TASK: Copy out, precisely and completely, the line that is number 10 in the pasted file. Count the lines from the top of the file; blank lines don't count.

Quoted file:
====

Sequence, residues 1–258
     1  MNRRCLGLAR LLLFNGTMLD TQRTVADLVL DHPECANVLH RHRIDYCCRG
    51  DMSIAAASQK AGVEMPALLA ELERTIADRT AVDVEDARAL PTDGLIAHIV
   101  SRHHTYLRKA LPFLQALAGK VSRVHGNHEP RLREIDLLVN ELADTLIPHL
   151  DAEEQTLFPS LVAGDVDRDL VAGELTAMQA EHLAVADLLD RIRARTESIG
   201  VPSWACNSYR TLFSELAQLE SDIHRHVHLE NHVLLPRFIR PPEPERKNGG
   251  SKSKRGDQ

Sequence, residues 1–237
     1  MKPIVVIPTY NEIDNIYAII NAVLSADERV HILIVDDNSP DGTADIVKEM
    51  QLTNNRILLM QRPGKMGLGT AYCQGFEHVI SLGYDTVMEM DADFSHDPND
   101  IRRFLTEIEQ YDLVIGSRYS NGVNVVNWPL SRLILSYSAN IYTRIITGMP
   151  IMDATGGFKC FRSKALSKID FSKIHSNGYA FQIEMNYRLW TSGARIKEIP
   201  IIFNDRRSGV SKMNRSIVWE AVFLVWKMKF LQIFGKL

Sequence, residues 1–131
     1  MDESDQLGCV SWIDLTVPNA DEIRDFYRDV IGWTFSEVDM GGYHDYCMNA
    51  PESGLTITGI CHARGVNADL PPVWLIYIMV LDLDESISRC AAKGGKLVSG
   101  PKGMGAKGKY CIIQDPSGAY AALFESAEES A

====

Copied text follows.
    51  QLTNNRILLM QRPGKMGLGT AYCQGFEHVI SLGYDTVMEM DADFSHDPND